Faith Hillis is an historian of imperial Russia, with a special interest in nineteenth- and early twentieth-century politics, culture, and ideas. She studies how Russia’s peculiar political institutions—and its status as a multiethnic empire—shaped public opinion and political cultures, as well as considering where the Russian experience belongs in the broader context of European and global history.
Her first book, Children of Rus’: Right-Bank Ukraine and the Invention of a Russian Nation, was published by Cornell University Press in 2013. Children of Rus' argues that it was on the extreme periphery of the tsarist empire—a region that today is located at the very center of the independent nation of Ukraine—that Russian nationalism first took shape and assumed its most potent form.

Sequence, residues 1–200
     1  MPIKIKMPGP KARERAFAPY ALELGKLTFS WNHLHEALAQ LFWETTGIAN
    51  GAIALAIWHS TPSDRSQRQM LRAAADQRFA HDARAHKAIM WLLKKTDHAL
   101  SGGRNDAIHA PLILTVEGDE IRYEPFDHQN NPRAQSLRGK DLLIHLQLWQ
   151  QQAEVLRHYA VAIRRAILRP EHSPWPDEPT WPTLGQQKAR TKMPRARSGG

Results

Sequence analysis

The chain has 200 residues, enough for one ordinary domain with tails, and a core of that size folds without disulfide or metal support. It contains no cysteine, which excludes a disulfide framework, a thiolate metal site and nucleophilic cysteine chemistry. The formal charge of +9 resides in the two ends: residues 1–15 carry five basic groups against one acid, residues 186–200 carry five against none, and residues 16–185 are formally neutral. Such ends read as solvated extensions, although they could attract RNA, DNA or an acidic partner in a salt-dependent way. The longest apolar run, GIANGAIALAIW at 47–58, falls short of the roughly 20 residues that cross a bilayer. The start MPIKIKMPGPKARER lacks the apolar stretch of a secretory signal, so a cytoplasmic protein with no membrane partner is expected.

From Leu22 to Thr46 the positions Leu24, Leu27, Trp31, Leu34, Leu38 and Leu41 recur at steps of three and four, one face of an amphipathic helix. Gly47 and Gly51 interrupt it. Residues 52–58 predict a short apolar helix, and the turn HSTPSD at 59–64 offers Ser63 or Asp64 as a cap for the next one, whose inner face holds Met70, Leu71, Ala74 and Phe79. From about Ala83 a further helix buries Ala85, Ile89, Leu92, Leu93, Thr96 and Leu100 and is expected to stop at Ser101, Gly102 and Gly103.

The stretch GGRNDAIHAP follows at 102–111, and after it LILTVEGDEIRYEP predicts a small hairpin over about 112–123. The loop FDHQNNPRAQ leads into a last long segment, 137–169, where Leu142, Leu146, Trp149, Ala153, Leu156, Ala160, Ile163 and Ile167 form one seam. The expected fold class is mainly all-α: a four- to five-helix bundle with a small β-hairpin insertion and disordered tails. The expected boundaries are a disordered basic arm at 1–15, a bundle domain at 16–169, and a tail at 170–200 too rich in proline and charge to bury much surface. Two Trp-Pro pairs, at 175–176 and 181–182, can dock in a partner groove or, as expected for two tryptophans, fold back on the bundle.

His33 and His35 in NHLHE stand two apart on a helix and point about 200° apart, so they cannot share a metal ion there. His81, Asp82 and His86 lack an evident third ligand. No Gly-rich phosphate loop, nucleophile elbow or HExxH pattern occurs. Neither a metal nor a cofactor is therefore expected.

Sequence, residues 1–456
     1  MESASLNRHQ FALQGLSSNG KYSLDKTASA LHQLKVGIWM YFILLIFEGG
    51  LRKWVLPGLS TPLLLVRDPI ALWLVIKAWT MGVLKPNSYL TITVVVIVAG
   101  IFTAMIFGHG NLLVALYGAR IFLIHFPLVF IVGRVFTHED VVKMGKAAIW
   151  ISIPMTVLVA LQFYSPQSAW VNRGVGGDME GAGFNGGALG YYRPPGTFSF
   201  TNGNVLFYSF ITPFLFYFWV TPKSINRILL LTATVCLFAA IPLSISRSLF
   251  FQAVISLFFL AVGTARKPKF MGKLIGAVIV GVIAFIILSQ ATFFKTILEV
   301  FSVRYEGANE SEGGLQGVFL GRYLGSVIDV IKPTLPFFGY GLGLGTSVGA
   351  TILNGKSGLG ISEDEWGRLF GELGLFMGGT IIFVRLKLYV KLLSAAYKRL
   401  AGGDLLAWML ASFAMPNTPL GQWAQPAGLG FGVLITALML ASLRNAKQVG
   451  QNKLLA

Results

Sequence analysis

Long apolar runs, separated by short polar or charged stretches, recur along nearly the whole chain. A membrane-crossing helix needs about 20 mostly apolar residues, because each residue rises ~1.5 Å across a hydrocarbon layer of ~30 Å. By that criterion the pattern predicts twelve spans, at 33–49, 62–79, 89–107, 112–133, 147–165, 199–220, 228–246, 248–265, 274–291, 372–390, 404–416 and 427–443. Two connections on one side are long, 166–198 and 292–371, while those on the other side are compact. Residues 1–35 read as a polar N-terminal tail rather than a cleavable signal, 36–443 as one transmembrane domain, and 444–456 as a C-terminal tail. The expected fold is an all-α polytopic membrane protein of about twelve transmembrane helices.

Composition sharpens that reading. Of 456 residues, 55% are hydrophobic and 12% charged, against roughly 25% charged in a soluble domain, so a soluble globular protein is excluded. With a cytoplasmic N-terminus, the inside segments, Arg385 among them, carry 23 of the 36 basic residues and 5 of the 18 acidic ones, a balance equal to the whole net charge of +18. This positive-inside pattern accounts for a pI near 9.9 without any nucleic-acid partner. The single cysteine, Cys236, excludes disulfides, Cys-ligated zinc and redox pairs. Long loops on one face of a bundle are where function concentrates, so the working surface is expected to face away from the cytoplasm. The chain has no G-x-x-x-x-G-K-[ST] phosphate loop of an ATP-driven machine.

In the book that she is currently researching, Europe’s Russian Colonies: Politics, Community, and Modernity across Borders, she studies the diverse yet close-knit settlements of tsarist émigrés that sprung up in western Europe’s large cities, university towns, and spa resorts over the long nineteenth century, providing the first synthetic history of pre-1917 traffic between Russia and Europe.